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Modified Bohr Atom Radii

  1. Apr 11, 2009 #1
    1. The problem statement, all variables and given/known data
    Instead of electrons in the hydrogen atom experiencing the Coulomb potential, lets say they experience a potential in the form of [tex]V(r) = V_0(\frac{r}{R})^k[/tex], where [tex]V_0 > 0,\: R > 0, \:k > 0[/tex].

    With this information find an equation for the radii of the Bohr orbit with quantum number n.


    2. Relevant equations
    [tex]V(r) = V_0(\frac{r}{R})^k[/tex]

    [tex] L = mvr = n\hbar[/tex]

    [tex]F_{Coulomb} = F_{centripetal}[/tex]


    3. The attempt at a solution
    Under normal circumstances the equation for radii would be easy enough to derive from the fact that [tex]F_{Coulomb} = F_{centripetal}[/tex] for the electrons. So, I attempted to find the derivative of the electron's potential since it should be equal to the negative of Coulomb force. So,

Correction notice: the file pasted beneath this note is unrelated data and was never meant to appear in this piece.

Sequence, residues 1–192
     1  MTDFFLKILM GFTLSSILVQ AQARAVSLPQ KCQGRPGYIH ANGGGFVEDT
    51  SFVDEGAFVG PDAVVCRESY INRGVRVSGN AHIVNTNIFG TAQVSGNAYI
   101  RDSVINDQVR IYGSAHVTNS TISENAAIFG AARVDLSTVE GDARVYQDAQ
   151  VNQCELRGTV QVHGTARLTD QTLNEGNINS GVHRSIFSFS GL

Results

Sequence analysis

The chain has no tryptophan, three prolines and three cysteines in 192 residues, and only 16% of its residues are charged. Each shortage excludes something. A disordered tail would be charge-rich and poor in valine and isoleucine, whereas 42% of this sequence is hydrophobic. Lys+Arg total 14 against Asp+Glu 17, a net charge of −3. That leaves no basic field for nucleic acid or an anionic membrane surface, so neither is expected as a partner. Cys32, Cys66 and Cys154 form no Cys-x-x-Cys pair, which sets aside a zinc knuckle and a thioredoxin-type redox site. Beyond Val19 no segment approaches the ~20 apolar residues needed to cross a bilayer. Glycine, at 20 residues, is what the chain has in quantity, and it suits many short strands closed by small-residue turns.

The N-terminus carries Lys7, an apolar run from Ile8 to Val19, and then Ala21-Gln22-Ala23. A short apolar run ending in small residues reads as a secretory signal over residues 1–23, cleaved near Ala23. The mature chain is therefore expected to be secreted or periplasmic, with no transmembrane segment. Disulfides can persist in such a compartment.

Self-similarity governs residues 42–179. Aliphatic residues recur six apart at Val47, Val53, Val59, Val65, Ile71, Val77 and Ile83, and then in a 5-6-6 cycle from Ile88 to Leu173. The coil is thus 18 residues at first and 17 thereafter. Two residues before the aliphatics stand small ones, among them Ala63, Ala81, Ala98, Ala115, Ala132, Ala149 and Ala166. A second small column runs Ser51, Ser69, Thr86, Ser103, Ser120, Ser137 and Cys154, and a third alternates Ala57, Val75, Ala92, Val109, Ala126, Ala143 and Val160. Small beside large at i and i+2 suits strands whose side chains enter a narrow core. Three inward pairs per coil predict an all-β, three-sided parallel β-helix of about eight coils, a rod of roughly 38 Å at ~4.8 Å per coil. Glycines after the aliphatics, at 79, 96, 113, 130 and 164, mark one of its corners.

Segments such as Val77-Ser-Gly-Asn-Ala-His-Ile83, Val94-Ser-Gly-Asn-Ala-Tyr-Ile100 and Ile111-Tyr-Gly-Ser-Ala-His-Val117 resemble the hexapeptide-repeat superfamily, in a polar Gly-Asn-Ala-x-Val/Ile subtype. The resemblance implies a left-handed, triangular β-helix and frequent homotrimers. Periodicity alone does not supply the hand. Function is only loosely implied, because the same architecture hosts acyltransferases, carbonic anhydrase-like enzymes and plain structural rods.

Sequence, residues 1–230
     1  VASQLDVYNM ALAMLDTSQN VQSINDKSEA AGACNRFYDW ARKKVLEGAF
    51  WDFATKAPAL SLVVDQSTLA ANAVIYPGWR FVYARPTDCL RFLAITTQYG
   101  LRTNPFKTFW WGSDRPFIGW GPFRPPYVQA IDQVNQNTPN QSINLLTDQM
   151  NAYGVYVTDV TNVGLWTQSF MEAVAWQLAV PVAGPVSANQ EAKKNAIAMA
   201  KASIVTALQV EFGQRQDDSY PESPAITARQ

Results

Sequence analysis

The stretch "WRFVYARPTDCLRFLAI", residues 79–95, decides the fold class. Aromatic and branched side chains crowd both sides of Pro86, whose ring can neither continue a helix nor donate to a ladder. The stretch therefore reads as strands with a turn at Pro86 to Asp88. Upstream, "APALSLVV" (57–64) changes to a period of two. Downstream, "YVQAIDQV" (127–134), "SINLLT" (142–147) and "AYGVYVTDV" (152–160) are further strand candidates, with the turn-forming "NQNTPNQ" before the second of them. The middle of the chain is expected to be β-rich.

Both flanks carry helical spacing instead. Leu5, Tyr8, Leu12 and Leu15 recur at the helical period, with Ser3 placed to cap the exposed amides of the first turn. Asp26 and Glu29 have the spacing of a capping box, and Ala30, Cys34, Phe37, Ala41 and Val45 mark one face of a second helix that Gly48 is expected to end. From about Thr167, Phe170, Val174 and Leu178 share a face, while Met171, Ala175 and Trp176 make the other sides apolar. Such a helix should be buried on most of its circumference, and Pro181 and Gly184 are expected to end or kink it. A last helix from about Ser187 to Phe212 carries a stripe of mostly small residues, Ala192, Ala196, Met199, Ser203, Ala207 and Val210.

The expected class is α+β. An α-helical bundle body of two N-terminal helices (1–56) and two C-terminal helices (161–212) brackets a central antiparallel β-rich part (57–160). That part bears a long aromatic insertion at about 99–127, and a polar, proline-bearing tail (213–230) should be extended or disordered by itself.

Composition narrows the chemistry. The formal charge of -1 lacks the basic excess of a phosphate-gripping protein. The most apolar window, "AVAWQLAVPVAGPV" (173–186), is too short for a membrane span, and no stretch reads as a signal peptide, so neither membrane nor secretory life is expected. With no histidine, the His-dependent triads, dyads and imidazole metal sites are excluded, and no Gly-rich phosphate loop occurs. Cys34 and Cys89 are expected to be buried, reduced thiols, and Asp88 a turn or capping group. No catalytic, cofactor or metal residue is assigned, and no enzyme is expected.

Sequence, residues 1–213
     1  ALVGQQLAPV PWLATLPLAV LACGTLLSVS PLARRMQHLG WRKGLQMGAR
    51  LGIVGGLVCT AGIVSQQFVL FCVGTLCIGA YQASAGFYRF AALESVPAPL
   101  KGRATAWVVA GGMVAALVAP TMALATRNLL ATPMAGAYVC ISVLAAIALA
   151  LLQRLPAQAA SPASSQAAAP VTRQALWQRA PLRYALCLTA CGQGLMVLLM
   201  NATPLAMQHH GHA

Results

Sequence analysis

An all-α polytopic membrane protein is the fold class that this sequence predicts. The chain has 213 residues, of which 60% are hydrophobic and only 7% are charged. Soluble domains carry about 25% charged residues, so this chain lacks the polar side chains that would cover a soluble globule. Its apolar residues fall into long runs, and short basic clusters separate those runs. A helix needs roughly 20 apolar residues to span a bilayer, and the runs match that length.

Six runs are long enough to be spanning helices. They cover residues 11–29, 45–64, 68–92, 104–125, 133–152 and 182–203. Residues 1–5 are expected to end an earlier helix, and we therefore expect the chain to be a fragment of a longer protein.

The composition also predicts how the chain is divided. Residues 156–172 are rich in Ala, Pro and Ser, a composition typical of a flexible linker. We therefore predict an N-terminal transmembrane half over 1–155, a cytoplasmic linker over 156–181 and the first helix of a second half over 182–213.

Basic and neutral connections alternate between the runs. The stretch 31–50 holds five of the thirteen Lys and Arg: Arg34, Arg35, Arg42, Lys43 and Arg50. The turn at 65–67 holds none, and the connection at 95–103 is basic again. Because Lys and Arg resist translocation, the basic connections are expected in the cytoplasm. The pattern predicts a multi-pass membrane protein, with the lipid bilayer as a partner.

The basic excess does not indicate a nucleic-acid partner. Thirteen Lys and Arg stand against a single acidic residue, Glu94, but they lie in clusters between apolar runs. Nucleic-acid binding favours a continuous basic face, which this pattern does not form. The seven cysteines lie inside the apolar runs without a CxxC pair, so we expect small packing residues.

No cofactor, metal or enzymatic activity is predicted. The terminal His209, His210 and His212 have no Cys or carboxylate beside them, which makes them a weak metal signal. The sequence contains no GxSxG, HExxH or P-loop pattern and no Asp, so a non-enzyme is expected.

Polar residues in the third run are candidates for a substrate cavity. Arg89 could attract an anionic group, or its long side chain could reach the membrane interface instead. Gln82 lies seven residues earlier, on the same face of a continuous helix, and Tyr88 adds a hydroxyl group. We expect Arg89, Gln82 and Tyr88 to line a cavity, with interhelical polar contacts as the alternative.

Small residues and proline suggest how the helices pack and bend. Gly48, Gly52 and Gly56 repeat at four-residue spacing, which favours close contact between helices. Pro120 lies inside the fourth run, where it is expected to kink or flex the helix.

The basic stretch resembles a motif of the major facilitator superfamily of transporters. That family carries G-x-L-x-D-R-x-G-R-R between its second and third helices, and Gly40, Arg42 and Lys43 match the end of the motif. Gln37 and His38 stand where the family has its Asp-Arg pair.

[tex]F_{Coulomb} = -\frac{dV(r)}{dr} = -\frac{k V_0 (\frac{r}{R})^{(k-1)}}{R}[/tex].
    Thus,
    [tex]-\frac{k V_0 (\frac{r}{R})^{(k-1)}}{R} = \frac{mv^2}{r}[/tex].

    And since angular momentum [tex]L = mvr = n\hbar[/tex],
    [tex]\frac{n^2\hbar^2}{mr^2} = -\frac{2 k V_0 (\frac{r}{R})^{(k-1)}}{R}[/tex]

    But at this point I don't see how I can get r on one side of the equation, so perhaps I approached the problem incorrectly or made a mistake somewhere. Any help will be greatly appreciated.


    EDIT: Okay, so my algebra seemed to be off and going back through I think I've come up with a viable answer.

    Given as I said before,
    [tex]\frac{k V_0 (\frac{r}{R})^{(k-1)}}{R} = \frac{mv^2}{r}[/tex].

    [tex]\frac{k V_0 (\frac{r}{R})^{(k-1)}}{R} = \frac{n^2 \hbar^2}{m r^3}[/tex]

    [tex]\frac{r^3 k V_0 (\frac{r}{R})^{(k-1)}}{R} = \frac{n^2 \hbar^2}{m}[/tex]

    [tex]\frac{r^{(2 + k)} k V_0}{R^k} = \frac{n^2 \hbar^2}{m}[/tex]

    [tex]r^{2 + k} = \frac{n^2 \hbar^2 R^k}{m k V_0}[/tex]

    [tex]r_n = \left(\frac{n^2 \hbar^2 R^k}{m k V_0}\right)^{(\frac{1}{2 + k})}[/tex]

    So, now I think this is the right answer. If anyone thinks differently, please correct me.
     
    Last edited: Apr 12, 2009
  2. jcsd
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